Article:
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Research Project by Dr. Susanne Schregel

“Intelligent/Unintelligent. A History of Intelligence as a Socio-political Distinction (Germany and Great Britain, ca. 1880–1990)”

The project aims to write a history of ‘intelligence’ as a socio-political distinction (in Germany and Great Britain, ca. 1880 to 1990). It seeks to show how debates about cognitive capacities, being intelligent or being unintelligent shaped fundamental differentiations which contributed to social stratification in modern society and partially legitimized or challenged its socio-political order. The project is based on the hypothesis that the appeal to intelligence facilitated historically flexible differentiations between entities that were understood as more or less intelligent and helped to establish interrelations of superiority and inferiority between them.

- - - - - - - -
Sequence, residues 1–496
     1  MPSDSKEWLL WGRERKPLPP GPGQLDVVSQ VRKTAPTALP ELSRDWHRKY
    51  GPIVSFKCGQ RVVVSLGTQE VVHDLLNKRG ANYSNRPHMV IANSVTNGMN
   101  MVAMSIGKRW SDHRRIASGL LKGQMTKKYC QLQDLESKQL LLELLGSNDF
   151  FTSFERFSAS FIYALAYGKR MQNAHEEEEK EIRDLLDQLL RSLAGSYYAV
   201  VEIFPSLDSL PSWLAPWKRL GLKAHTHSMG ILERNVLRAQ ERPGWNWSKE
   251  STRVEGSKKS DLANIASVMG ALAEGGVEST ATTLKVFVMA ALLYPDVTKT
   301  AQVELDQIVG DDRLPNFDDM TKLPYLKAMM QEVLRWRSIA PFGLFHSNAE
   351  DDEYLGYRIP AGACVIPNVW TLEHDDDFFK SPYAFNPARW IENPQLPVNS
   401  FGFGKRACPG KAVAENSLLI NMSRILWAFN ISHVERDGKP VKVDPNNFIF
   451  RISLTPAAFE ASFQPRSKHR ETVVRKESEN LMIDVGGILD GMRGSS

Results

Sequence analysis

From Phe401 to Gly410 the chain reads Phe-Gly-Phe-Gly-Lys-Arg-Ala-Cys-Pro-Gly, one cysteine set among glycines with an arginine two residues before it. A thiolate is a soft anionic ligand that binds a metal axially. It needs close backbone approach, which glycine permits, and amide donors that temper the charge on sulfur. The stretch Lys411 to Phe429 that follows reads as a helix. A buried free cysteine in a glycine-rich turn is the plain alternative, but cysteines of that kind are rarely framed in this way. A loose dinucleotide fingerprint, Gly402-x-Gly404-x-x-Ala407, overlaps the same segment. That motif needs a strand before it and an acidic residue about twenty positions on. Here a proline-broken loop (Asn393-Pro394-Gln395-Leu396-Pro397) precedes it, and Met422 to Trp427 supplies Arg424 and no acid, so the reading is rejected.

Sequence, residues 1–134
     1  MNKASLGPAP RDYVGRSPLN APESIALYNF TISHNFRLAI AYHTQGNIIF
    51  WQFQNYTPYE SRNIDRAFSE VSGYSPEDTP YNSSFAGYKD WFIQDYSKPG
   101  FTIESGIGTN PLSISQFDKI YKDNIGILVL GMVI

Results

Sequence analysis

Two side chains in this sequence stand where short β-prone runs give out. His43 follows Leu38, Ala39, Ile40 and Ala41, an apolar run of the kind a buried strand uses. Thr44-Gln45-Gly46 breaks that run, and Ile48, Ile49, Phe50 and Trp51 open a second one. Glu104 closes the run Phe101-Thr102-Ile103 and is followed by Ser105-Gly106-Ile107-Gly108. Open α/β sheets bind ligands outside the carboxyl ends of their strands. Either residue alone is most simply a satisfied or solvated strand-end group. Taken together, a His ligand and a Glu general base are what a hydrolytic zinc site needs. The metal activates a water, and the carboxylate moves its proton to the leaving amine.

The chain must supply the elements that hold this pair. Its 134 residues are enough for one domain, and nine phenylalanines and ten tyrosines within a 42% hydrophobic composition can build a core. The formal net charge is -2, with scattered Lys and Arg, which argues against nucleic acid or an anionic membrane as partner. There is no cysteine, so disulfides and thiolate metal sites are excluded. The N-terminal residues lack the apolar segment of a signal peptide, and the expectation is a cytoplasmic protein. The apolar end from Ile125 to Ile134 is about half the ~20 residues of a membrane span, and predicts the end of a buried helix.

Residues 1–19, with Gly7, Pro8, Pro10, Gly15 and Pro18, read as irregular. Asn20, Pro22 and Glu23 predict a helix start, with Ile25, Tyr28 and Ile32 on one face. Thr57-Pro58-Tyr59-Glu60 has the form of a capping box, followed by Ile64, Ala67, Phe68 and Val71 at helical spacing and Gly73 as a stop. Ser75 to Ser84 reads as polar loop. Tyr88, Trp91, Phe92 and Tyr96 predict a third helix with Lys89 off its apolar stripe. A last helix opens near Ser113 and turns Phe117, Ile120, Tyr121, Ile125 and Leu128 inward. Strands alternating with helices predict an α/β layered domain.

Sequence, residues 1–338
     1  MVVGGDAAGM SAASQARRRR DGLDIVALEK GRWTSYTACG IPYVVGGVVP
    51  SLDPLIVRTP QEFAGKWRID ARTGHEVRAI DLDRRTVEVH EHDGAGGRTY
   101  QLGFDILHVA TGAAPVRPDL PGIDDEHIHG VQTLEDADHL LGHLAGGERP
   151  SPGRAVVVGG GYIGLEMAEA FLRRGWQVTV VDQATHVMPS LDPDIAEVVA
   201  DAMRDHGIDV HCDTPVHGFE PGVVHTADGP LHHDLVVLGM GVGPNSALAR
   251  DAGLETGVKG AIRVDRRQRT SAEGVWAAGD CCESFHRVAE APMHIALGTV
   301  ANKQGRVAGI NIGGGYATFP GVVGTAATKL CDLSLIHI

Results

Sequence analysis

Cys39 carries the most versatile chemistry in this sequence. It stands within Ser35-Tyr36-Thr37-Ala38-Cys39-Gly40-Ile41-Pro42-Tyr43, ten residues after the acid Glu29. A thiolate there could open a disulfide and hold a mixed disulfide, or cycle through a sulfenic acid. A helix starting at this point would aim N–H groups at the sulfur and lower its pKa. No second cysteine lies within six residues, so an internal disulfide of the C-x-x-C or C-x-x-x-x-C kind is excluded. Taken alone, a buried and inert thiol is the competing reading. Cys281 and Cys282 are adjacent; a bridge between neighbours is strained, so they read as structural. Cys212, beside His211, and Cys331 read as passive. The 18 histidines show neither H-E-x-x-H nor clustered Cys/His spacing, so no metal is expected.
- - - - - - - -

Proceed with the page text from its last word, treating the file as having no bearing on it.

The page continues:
This did not just affect the relative position of human individuals, but also of other entities which were rated as ‘intelligent’, for instance animals and machines. The example of intelligence therefore offers a methodological opportunity to progress from a history of social inequality between persons into the broader history of social practices surrounding categorisation and hierarchy.

The investigation will focus on the concrete discourses and practices which served to assign, maintain or question social positions. As sources, the study will mostly consider popular publications and flyers which illustrate the handling of ‘intelligence’ at the interface between scientific, technical and public political debates – for instance newspaper and journal articles, publications from psychology and education, publications on the testing and advancement of intelligence for a general public, or political leaflets and pamphlets.